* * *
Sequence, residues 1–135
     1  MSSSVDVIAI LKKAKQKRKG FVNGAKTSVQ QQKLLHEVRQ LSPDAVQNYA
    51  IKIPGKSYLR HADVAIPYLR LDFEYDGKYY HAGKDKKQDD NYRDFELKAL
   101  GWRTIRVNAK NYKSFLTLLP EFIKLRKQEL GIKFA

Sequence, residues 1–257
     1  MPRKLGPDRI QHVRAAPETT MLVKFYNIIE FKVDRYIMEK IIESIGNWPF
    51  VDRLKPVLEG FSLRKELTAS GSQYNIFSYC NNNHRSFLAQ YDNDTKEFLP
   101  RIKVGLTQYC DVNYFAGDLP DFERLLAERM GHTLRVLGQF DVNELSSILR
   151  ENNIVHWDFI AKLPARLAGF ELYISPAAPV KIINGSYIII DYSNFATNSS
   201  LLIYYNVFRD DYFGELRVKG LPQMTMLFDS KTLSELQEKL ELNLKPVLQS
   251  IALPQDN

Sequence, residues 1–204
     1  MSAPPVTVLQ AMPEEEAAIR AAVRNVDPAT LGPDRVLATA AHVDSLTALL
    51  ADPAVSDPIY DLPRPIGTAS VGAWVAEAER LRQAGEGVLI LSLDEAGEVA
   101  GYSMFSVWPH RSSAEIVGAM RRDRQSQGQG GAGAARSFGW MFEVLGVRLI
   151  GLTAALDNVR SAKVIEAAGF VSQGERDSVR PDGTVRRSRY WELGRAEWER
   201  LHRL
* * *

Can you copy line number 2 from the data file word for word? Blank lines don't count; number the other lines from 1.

     1  MSSSVDVIAI LKKAKQKRKG FVNGAKTSVQ QQKLLHEVRQ LSPDAVQNYA